This is how the illness processes perceived threats...Perception is real to the one perceiving...Its the illness and you dont fully understand(dont want to) nor do you respect it. This will be required. If not you will most likely end up here again.

we were enmeshed, and had to spend energy to be autonomous.

She was enmeshed and is where she needed to be. You on the other hand were trying to grow. There is no autonomous with BPD.

I thoght it was a good thing for us, for me, and for her.

Me too and actually a few times. So beating yourself up for doing the best you could appears self defeating. When these thoughts arrive, give good ones the same space. Equal time, this would be fair to you, no? It takes practice and you will start to catch yourself, when other times you could never see this. This would be progress, just as you are making now. I had similar things said to me. My reply. " This isnt the answer I was looking for doc, dont you have a pill or something to make this go away yesterday?" He said unfortunately this is the only healthy way...Im glad he said this later. It didnt help so much at the time. It did tell me I was traveling the right way, so I gathered some faith in myself and slugged through the mud some more.

I knew deep down that allowing the other person to do their own thing is good. Of course, it was a train-wreck, I wasn't able to do it right, I was too deep in the suffering caused by that fear. But not in a million years would I come to the conclusion that they were inherently selfish for wanting it, and to blame them for my suffering. I failed, but I didn't put the blame on them for it.

This isnt a failure. This is a wealth of knowledge and very good insight. Trust your instincts a little more, they are good...not so sure of the inherently selfish part, but the rest is spot on for me. Maybe Im missing something...Learning isnt failing. This is tiring, I remember.

and at least now they get heard a little.

This could be the start of an avalanche so to speak, but a good one. Allow the emotions to flow. Name them if you can. There were times I couldnt name them. it was just that fog I had hanging over me, for what seemed like forever. Your work is paying off, remain as patient as you can,

She asked me to think about how others, especially my parents and exBPD, treated me in the past. I cried a little there, and then like a little girl when I got outside. In all my years in therapy I never cried. I was angry they did this to me. And I was angry at myself I let it happen all again.

Anger is never a stand alone emotion. Its there to protect you from the pain behind it. Touching this pain (like your doing now) will allow you to put things to rest. Hopefully soon you will be able to bathe in them. This is the cure and as long as suicide doesnt have a say. Its just what the doctor ordered. Seems you have a better T. Good for you. I wish you well Peace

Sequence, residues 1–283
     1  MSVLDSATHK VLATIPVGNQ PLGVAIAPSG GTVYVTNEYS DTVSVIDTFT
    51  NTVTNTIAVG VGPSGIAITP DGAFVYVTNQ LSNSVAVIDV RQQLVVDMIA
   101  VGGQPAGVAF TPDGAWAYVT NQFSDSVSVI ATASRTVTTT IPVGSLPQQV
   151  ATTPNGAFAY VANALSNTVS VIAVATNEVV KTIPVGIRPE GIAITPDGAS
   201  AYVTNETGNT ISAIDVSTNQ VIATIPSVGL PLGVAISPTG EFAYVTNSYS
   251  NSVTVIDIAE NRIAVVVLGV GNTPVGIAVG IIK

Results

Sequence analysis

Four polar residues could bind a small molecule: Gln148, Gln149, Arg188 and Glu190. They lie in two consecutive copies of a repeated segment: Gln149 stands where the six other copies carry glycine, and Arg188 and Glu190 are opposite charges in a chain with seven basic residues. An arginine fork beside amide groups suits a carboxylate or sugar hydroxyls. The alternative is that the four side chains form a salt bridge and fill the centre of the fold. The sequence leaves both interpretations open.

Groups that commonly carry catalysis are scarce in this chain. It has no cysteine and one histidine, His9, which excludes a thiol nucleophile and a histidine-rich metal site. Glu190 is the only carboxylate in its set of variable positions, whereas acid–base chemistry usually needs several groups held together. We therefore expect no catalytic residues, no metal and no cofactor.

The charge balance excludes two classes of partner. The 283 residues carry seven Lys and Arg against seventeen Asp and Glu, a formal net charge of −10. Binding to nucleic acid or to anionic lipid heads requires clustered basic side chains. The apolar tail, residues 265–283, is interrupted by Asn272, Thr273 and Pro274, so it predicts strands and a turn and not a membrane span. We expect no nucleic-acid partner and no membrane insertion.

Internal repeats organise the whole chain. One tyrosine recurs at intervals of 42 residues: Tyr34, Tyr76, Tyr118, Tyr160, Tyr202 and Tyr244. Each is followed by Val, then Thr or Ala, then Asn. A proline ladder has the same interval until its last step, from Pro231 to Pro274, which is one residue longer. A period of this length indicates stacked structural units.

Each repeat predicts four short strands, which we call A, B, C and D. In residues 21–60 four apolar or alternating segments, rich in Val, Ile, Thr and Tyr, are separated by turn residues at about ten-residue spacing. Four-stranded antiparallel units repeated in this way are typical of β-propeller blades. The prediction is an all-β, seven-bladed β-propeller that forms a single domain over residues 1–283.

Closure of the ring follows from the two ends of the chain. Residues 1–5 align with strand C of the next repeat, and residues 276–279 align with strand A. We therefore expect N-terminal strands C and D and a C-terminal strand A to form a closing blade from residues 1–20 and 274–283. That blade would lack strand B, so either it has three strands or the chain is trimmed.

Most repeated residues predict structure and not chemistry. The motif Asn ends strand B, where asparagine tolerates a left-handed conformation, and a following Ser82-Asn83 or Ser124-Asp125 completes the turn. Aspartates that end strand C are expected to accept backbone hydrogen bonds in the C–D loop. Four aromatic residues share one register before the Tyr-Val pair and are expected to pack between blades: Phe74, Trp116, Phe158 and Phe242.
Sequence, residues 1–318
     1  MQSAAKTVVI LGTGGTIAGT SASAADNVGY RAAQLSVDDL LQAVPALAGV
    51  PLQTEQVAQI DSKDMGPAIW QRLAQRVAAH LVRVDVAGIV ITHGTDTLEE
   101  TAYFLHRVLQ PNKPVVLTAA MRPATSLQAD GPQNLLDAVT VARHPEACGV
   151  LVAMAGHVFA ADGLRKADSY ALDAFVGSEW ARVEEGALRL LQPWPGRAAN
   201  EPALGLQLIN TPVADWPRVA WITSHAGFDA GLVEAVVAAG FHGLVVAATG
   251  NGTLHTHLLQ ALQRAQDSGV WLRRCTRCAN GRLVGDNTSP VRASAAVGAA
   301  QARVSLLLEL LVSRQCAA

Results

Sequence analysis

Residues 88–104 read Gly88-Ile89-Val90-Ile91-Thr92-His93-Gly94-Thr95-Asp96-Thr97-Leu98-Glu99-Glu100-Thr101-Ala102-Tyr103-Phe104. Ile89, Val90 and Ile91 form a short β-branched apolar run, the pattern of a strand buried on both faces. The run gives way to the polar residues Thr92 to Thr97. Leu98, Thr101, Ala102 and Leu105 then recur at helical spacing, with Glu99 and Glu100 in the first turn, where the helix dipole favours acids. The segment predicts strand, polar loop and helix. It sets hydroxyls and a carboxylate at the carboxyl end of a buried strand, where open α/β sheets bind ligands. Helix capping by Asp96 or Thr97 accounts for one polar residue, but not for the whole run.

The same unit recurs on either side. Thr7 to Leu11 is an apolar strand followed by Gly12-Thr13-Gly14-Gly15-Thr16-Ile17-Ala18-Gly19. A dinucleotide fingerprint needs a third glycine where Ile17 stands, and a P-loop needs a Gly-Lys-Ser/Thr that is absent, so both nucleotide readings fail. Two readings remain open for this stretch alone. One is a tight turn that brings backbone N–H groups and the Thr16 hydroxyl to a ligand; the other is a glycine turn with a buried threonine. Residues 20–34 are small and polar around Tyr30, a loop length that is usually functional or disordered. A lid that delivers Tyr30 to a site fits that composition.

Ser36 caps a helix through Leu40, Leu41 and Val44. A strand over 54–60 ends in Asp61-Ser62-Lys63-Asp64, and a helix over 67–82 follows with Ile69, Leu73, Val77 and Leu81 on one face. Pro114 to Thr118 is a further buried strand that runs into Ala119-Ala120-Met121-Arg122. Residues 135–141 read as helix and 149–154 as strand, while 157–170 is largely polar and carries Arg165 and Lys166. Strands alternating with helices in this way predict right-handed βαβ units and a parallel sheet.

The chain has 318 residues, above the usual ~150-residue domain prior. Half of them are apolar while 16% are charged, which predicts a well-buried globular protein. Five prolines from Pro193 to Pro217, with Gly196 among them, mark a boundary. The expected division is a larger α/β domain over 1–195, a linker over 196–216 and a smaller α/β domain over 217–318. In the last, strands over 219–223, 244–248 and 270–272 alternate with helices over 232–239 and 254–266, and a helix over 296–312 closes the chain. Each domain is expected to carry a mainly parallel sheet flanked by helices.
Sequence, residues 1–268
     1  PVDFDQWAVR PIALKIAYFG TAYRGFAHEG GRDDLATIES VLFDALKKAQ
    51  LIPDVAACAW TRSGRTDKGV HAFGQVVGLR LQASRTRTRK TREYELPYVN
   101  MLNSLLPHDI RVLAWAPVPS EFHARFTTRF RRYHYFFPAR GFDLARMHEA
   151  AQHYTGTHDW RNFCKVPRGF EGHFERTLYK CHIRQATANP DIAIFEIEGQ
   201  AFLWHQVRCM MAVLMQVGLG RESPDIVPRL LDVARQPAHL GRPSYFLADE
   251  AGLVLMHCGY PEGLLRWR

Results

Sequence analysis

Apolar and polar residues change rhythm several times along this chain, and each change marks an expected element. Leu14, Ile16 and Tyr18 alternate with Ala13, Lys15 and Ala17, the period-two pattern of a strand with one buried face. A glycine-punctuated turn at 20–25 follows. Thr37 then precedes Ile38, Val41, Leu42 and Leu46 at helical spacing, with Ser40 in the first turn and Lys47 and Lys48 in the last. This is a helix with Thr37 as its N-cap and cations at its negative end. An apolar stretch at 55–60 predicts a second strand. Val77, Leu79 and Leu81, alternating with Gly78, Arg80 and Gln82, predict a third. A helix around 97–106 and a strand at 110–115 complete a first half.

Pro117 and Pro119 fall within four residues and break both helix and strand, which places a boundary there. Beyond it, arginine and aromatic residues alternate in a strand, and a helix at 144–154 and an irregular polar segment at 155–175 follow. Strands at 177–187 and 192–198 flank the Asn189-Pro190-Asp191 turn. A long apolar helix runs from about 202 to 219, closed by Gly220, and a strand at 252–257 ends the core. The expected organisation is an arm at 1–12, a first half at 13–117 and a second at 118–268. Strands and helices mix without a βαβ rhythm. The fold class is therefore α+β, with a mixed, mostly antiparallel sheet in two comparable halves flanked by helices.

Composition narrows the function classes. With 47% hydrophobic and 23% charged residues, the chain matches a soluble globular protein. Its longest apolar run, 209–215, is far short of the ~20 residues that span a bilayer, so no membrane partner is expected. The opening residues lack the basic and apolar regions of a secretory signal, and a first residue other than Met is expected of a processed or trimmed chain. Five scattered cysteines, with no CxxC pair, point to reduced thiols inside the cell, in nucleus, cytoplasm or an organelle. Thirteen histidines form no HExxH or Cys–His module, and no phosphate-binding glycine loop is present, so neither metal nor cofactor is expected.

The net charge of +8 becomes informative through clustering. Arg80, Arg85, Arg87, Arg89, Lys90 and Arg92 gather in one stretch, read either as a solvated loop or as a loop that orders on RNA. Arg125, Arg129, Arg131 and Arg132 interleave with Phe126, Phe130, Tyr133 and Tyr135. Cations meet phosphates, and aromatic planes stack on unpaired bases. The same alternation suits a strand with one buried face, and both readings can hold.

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« Reply #68 on: September 07, 2020, 09:48:44 AM »

Hi dindin. Just be open minded and when it comes to our thoughts at these emotional times, we "talk" to ourselves in life more than we speak to anyone else, why make them self hurtful one's?

Going back to childhood it is very easy to take criticism and derogatory comments to heart, not yet developed to discern how accurate they are.

Your ex threw some comments around, is she a consultant psychiatrist? It resonated as an echo from childhood, id ask the same question, were your parents?

Triggers are just triggers. It is id call retraumatising. Be the mature one to rise above it. Seek the advice of someone skilled if it bothers you enough. An hour with a psychiatrist going over the last 6 months of your life would let you have a clear answer.

If I suspected I had a terminal illness id ask a qualified person, not my bpd ex or doctor google.

You are not the only human who will never "fully understand" who - you - are let alone anyone else. The ego causes this.

If you choose to go back to her can we get some honesty about what the connection is. Desires are powerful push factors, you mentioned drug use, same reward pathways. It sounds like you might be facing cravings for not her but how she made you feel, if that makes sense, just my take on it.
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« Reply #69 on: September 07, 2020, 11:24:59 AM »

If you choose to go back to her can we get some honesty about what the connection is. Desires are powerful push factors, you mentioned drug use, same reward pathways. It sounds like you might be facing cravings for not her but how she made you feel, if that makes sense, just my take on it.

Thanks for your kind words. I was thinking a bit about the last question. And there is no doubt in my mind that big factor of what I miss about the r/s, is me not being alone. Just plain companionship. Someone to talk to at the end of the day. I have friends and all, but it's not the same. I really, really enjoy having that special someone to tell how my day went, etc.